After Hampton Court Palace, Hubby and I went back to the Castle Hotel and rested for a while before venturing out again for dinner. This time, we ventured a whole two blocks away, just down the High Street to the Duchess of Cambridge pub.
Soon after we'd sat down, I realized that the three blokes at the next table were ardently discussing Downton Abbey. I tried to eavesdrop, naturally, but it was hard to decipher every word and, besides, I was distracted by the Duchess of Cambridge. The Duchess of Cambridge who? I wracked my brain for an historical Duchess of Cambridge who'd rank pub name status. In Windsor, no less. Which Duchess of Cambridge had ties to Windsor? Princess Augusta, who'd married Prinny's brother, the Duke of Cambridge? Hadn't they spent a good portion of their time in Hanover, rather than England? And his son, George, had married an actress, whose existence was ignored by the entire Royal Family and she'd been denied the title HRH, anyway. And upon George's death, the title became extinct until it was bestowed upon the present Prince William. Hhhmmmm . . . .
"You were off in a cloud. What are you thinking about?" Hubby asked.
I opened my mouth to answer, realized what I'd been thinking about, and said instead, "Nothing."
Our waiter approached to take our orders. "Can you tell me which Duchess of Cambridge the pub is named for?" I asked.
"Er, Kate Middleton?" he answered.
This brought me up short. "But the pub's been here for years. I've been here before, long before Kate was the Duchess of Cambridge."
"Oh, yeah, it's been here for centuries, but it wasn't named the Duchess of Cambridge then. We just changed the name last year."
Ah, now I felt better, although slightly tricked.
After dinner, we made an early night of it and the next day I met Hester at the Guildhall for a private, guided tour of the Museum - where Hester got to meet the Queen.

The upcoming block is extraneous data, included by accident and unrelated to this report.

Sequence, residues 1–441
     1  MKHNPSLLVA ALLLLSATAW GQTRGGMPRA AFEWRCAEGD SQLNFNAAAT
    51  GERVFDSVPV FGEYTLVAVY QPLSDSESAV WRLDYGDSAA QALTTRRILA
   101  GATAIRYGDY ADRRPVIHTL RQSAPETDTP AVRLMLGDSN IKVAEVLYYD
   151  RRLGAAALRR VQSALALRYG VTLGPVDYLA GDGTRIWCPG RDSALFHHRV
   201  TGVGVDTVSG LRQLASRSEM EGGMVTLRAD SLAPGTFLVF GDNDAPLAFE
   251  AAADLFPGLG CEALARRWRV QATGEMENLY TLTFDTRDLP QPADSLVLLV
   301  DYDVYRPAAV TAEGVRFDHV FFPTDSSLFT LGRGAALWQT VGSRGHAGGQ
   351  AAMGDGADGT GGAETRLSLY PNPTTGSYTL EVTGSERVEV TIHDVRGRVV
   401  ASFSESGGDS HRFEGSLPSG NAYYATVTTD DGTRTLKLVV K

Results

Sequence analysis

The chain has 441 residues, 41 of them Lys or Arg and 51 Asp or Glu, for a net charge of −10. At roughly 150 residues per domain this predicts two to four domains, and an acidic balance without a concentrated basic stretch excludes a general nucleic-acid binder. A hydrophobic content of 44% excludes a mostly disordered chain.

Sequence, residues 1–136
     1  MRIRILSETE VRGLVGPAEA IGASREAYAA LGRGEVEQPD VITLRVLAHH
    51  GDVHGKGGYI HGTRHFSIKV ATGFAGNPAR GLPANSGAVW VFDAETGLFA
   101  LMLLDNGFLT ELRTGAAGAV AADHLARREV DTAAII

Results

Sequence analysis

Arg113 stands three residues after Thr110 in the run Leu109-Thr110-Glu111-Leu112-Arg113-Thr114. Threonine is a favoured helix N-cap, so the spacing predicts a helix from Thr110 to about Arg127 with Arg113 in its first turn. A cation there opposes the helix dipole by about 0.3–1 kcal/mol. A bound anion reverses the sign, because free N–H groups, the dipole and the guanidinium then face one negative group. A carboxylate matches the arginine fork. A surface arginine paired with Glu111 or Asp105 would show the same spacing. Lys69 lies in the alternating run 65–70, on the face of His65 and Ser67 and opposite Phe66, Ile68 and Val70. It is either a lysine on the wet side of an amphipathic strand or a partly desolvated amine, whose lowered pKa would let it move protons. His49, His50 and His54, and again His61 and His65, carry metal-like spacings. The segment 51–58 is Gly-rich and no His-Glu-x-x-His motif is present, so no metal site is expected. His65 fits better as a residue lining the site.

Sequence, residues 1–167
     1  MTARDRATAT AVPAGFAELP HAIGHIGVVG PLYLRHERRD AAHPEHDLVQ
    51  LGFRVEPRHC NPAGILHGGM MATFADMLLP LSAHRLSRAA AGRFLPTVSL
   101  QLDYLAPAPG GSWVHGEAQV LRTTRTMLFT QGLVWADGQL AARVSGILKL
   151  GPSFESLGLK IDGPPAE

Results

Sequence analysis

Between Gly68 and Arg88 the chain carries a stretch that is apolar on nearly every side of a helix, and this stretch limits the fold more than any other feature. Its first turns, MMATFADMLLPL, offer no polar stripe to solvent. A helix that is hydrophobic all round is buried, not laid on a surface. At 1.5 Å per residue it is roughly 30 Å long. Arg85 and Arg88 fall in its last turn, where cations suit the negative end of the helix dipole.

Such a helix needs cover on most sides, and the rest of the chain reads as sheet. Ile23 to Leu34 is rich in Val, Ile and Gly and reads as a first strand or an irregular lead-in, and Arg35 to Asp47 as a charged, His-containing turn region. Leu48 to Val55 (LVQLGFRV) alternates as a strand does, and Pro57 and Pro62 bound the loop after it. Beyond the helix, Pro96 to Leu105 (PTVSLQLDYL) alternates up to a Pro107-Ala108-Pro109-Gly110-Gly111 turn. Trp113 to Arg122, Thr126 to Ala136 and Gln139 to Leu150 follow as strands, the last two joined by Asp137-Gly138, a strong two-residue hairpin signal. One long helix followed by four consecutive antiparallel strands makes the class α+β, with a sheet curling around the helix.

The present Guildhall replaced an older cornmarket and was built in the late 17th century and is often associated with Christopher Wren, although there's no evidence of this. The Museum itself is housed in a 19th century extension and serves to display items of local history.
Upstairs, royal portraits adorn the walls, including one of himself given by Prinny which was so large the council had to take a window out to fit it in. Also upstairs is the room where Prince Charles married Camilla - dubbed by myself as "the scene of the crime." The room contains several stained glass windows and more portraits, including a grim one of Queen Victoria and a rather nice one of the present Queen when young.
Here's the story of the dock, or pulpit, Hester is standing upon in Hester's own words: "In 1882 a Scotsman, Roderick McLean, attempted to shoot Queen Victoria at the railway station. He missed, but was arrested and was to be brought before the magistrates in the Guildhall next day, for formal proceedings to send him for full trial in Reading (county town). But there wasn't a dock. So overnight a carpenter knocked up the piece of furniture you see. McLean was duly arraigned and despatched for a full trial at Reading. There he was found 'Not guilty but insane.' The Queen was furious, there was a big fuss and the result was that today in such cases the verdict is recorded 'Guilty but insane.' McLean spent the rest of his life in a mental asylum. Why did he want to shoot the Queen? He had sent her some poetry he'd written, and she hadn't said thank you! (I always draw the moral when children are present.) Nowadays this dock is used by witnesses giving evidence at Coroners' Courts."
Part Two Coming Soon!